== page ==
Finally, I’m able to sit for a second and reflect upon the last week (or so, I’ve lost track of the days).
I can truly say “It’s Miller Time!”
Ahhhh, that’s good.
Like mothers milk.
It’s the Champagne of Beers you know.
It’s also a nice and mild poison compared to the liver abuse that occurred over the last week.
Do you wanna hear about it?
Ok, here goes……
The week started off pretty tame, on the last day of the Epcot Flower and Garden Festival, the Central Florida Bonsai Club had a show.
It was a very impromptu show; you see, the organizers of the Festival Centers events asked us, with but 13 days left, to invite our members to show our trees en masse.
And one just doesn’t say no to Disney.
So we put it together pretty quickly and it turned out surprisingly well.
There were many fine trees but I can’t show them all.
But I can show a few, and some winners too.
This is my friend Don’s Chinese elm on a rock.
A real cool composition with a panda.
The guests enjoyed it.
Disney was very glad we were able to participate and the plan is next year to maybe do a whole weekend with many more awards. They’re philosophy is to give the guests little surprises. And everything they do is first class. Here’s the sign they made for us.
The whole show was dedicated to Juan, our treasurer and corresponding secretary, who’s been working for a show like this since he became a part of the board.
Sadly, he passed away just a week before the show and wasn’t able to be there.
It hit me hard but I’m sure he’s smiling down on us now.
I made sure he was with is at least through his art; this was his tree in the show.
You will be missed my friend…
Speaking of friends, this is Dave’s tree, a ficus salicaria.
Aaron’s Japanese black pine, a cute little thing.
This is Alan’s buttonwood.
And Mike’ big hackberry, an alumni of the Japanese Pavilion display sponsored by Bsf.
Guaracha brought a bunch of trees….
….and his tree won the BSF Presidents Award, the big one in the back right.
It’s a tree from Puerto Rico that they call Palo Blanco.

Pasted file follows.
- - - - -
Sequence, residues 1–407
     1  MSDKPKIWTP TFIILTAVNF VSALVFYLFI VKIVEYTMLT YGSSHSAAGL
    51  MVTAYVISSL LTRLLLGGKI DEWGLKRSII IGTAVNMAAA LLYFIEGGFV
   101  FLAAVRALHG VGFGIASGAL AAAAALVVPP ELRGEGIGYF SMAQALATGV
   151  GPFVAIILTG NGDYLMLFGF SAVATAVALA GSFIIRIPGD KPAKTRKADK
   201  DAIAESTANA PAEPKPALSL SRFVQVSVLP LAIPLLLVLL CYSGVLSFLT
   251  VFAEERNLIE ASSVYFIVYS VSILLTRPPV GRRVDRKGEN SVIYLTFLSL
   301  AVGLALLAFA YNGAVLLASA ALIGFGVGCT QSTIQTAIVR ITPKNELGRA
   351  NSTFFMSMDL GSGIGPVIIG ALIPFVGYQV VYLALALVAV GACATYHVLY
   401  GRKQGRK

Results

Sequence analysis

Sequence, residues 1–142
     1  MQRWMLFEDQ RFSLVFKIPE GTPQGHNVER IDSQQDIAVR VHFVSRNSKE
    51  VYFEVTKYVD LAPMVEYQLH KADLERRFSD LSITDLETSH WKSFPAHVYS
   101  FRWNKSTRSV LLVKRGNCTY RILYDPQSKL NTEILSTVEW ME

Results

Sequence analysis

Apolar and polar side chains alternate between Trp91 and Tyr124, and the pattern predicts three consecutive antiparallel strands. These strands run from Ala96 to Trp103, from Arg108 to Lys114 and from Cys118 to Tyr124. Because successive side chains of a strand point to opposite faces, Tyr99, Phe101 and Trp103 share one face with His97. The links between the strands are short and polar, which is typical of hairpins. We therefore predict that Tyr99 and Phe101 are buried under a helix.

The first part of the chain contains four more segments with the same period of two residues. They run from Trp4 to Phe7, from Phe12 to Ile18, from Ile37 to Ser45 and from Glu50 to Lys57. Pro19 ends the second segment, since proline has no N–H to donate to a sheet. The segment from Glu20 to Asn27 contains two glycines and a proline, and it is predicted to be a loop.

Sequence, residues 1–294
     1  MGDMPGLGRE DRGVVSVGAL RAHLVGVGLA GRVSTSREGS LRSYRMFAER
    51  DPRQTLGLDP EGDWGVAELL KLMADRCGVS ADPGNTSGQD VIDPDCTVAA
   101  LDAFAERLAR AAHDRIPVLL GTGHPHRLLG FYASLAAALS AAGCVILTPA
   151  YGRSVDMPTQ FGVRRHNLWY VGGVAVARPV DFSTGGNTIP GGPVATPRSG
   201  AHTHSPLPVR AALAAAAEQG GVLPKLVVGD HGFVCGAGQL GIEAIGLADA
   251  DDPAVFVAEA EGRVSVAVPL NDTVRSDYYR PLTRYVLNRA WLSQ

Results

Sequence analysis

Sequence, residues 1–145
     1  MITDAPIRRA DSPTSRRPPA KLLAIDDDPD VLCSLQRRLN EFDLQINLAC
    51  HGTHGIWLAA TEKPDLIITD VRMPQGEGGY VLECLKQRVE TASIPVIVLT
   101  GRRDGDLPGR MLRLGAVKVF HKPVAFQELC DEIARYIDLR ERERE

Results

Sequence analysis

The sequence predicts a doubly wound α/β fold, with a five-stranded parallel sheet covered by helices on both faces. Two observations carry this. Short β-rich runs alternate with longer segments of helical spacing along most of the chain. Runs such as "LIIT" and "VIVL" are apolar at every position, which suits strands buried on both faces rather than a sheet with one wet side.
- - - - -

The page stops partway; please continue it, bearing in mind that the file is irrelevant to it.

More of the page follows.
I’ve never seen Guaracha so happy, you couldn’t wipe that smile off his face.
The winner of the best big tree was Alan with his bald cypress.
The ground cover not only has moss but native swamp ferns that grow where the cypress grow. Very nice detail.
Rick, my brother from another mother, won the best medium tree with his natal plum.
It was collected from a hedge down in Homestead after hurricane Andrew.
And yours truly won best small tree with my nea buxifolia.
Ah, it was sweet, but the day was just beginning.
That evening I got to stay at the Boardwalk Hotel because, with the end of the Festival, I had to pick up my big nea from the Japanese exhibit.
You remember this tree?
Here it is after more than 2 months.
Actually, this was today, it’s been a week since I picked it up.
It’s grown this much since then.
There was a mishap, and I should be more upset that one of the maintenance team got a little scissor happy and trimmed a little too close on the apex. But I’m not.
It’ll grow back quickly.
The most surprising thing is all the flowers it has this year.
And a little fruit too!
The evening before the pickup (which is at 7:30 am the next day) usually means closing the bar at The Boardwalk as we sit and argue about bonsai. There have been numerous stories made during those late hours, many I’m not willing or allowed to repeat.
We pick up the trees the next morning, and I meander back home and have a short rest for about two hours and then it’s some nursery work, which is never done (looking for an unpaid apprentice by the way…) and then it’s time to prepare for the Bsf convention. Maybe a quick nap. I have all day tomorrow….
Well, the next day I take my youngest son to the doctor for bronchitis.
And a chest X-ray.
It’s now Wednesday and the set up for the convention begins Thursday.
I need to prepare my tree for the exhibit, get all the workshop and demo trees I’ve been babysitting ready, get my sale trees and pots ready for my vendor table……
But only after I give a juniper styling lesson to my friend Cullen,who has also delivered my new business cards to me!
What do you think?
Designed and printed by Jato (www.gojato.com)
The good thing with Cullen here though, I can bounce some display ideas off his super creative mind.
I first came up with this.
And here’s another idea.
I felt that the first stand was too fancy.
The second piece of wood doesn’t elevate the tree high enough.
Maybe some bricks?
Most people liked this one when I posted it on Instagram.
I wasn’t so sure. Maybe a different companion?
It’s a neat display by itself.
Too big though.
Anyway, I’ll have to figure it out.
Cullen would like to do some styling.
Some styling beyond his own personal style, I should add.
I told him that he has the legs of a 40 year old hippie woman.
Tie dye socks with wing tips!